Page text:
‘The Boys in the Band’ falls short with one flat note

Illustration by Casper Jay Savoie
This new Ryan Murphy-produced Netflix remake is based on the Broadway play of the same name by the late Mart Crowley to whom the film is dedicated. Chaos erupts when an old college roommate crashes a birthday party thrown by Michael, played by Jim Parsons, for his mysteriously aloof friend Harold. Of course, the party is set in pre-Stonewall riots New York City in 1968. Michael and all his party guests are gay, but the straight roommate, Alan, has a secret to tell Michael

When Alan realizes that Michael, his former womanizing college roommate, was gay, he explodes. A fight pushes Michael into a relapse after 5 weeks of sobriety–unleashing the very reason he quit. The party guests one by one play a game where they call the person they truly love and tell them.

The film stars the full all-star cast of the 2018 revival of the Broadway play: Jim Parsons as Michael, Zachary Quinto as Harold, Andrew Rannells as Larry, Matt Bomer as Donald, Tony nominee Robin De Jesús as Emory, Brian Hutchison as Alan, Michael Benjamin Washington as Bernard, Tuc Watkins as Hank, and Charlie Carver as Cowboy.

Ultimately, this film is about men trying to accept themselves and that they simply love men more than women. It conveys the modern struggle of sexual identity, although I feel like it may not have succeeded as much as it should

The film falls short, unfortunately. The problem is the rainbow of personalities stomping all over each other, some more than others. Parsons only has one really shining moment of truth and vulnerability. Otherwise, it was a one-note performance as he only seemed to truly care about his receding hairline. 

There were three characters I wanted to explore more than others. Zachary Quinto played Howard, the fashionably late birthday boy. Howard has secrets and depth, but he was pushed into the background. Matt Bomer’s character, Donald, seemed like the only level head at the party, yet he obviously has history with more than one party guest. But the one I wish they truly took the time to explore was Bernard, played by Michael Benjamin Washington. They lightly touched his race, but there was such a missed opportunity. They should have explored the representation of a black gay man struggling in the late 1960s.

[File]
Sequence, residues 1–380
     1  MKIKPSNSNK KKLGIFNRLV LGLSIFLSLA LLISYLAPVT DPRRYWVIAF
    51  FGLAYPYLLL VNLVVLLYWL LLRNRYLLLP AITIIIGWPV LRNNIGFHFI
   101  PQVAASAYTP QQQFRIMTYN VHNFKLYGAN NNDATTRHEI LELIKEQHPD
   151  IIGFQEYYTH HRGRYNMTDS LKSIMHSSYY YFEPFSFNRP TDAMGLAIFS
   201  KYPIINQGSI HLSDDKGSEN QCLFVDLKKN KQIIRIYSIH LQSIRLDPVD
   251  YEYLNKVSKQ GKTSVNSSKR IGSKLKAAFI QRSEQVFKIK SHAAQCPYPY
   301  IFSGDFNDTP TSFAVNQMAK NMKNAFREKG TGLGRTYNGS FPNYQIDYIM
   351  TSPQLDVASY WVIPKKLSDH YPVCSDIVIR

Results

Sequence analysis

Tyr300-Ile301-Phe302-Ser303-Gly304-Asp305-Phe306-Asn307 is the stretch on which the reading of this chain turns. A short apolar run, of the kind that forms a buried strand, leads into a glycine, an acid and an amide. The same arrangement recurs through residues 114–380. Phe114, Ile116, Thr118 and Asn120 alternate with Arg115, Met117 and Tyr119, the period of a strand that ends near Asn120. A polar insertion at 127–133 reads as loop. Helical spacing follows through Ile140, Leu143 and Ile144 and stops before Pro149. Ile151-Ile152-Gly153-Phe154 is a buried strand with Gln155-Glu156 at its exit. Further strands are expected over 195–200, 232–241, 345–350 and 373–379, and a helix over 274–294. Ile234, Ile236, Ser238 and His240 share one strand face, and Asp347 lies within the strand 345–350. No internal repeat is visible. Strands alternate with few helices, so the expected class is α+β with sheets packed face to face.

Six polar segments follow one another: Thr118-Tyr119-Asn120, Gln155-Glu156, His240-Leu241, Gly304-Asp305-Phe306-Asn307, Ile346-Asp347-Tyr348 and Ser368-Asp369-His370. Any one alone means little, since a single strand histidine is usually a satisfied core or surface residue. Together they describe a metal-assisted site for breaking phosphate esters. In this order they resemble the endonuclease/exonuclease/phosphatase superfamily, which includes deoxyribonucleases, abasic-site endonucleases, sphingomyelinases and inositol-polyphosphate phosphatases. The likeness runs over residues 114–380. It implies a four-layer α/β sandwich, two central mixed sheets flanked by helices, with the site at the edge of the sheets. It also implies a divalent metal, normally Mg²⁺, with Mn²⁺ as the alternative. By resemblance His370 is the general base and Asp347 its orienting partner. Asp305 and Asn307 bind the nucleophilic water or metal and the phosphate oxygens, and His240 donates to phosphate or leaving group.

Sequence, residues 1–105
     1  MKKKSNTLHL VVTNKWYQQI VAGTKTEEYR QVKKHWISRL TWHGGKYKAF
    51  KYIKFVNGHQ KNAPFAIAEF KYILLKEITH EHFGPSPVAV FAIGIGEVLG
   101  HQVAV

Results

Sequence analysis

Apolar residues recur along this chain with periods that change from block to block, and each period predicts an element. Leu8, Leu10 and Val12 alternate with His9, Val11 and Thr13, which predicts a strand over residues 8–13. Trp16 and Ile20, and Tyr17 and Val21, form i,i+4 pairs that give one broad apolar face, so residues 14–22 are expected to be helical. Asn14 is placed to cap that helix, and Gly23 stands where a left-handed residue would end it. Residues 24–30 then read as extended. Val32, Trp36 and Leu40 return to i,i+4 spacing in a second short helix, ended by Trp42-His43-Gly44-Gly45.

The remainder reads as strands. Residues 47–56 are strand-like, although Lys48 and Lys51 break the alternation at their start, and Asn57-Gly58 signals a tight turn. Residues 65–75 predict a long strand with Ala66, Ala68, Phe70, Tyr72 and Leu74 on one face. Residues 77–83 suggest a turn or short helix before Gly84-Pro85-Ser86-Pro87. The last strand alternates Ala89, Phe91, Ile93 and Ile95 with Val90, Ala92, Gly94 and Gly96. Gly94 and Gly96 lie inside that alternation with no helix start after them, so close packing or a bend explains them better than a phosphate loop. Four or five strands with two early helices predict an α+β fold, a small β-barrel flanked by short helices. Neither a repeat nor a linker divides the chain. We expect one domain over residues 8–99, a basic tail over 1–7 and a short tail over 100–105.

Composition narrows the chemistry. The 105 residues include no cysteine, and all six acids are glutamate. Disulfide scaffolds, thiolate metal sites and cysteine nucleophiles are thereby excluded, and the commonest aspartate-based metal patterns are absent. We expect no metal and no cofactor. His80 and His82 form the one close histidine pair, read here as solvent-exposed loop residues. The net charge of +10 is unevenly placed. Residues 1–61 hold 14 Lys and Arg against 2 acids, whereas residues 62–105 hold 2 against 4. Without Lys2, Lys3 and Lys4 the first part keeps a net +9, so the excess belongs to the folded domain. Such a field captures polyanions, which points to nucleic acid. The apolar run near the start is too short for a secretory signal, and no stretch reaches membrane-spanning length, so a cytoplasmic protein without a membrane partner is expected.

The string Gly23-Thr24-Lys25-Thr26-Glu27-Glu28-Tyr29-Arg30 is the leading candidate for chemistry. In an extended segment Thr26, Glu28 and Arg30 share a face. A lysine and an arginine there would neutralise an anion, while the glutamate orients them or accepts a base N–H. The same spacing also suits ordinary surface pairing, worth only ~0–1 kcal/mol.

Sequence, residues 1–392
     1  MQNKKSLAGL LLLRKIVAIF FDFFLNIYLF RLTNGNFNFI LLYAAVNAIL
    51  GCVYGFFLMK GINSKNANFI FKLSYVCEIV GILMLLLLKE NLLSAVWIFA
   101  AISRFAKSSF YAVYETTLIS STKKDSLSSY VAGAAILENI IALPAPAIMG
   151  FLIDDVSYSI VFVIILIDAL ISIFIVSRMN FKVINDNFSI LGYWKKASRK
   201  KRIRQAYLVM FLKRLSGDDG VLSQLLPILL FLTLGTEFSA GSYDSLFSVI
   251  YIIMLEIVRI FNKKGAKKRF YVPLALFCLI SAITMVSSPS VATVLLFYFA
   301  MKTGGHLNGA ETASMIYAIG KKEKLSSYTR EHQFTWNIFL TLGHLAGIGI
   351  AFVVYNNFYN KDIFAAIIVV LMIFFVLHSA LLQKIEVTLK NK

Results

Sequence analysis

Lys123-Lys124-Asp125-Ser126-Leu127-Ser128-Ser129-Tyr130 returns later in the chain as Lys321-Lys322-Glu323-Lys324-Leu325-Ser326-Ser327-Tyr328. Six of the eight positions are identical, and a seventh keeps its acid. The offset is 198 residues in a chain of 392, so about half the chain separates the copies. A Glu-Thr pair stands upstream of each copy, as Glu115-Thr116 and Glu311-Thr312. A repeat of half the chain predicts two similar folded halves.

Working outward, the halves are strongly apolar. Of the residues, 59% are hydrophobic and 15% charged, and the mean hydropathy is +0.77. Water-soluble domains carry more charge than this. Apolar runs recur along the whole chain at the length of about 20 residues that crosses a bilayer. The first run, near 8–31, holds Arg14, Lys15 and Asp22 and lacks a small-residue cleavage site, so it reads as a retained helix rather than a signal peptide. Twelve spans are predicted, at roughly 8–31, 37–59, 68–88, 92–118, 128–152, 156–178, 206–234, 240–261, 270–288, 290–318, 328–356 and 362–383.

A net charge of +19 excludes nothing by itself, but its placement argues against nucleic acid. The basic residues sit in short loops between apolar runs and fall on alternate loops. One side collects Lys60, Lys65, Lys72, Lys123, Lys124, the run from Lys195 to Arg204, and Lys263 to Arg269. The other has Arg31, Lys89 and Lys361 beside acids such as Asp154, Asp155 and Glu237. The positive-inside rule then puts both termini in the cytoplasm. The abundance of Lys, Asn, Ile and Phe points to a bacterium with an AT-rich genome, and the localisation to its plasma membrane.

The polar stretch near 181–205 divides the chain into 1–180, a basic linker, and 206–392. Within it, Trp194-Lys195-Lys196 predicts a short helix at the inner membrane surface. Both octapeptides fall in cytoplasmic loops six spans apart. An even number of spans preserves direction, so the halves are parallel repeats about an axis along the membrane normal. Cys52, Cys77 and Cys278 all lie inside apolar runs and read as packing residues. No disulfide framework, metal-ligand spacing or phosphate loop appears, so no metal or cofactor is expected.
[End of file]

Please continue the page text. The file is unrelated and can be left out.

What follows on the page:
Andrew Rannells and Tuc Watkins played a gay couple struggling with contrasting ideas of what their relationship should look like. While Rannells’ character is polyamorous, his partner Hank just wants Larry to show he still cares about him.  The rest of the cast’s performances were quite forgettable, and some were just annoying. 

The best part of this film, for me, was that actual gay actors played gay characters. There has been this debate in Hollywood, stemming from whitewashed casts in some of Hollywood’s biggest blockbusters, about whether LGBTQ actors should play LGBTQ characters. Putting together a cast where each gay character is played by an actual gay actor is something unique and refreshing in Hollywood.

About Author

Jordan Jones was hired as the Culture reporter for the Mesa Legend in January of 2020. She is in her second semester at MCC, and she plans to transfer to ASU and get an Interdisciplinary Studies degree in Film Study and Art History. With her degrees and passion for cinema, Jordan intends to become a film archivist.

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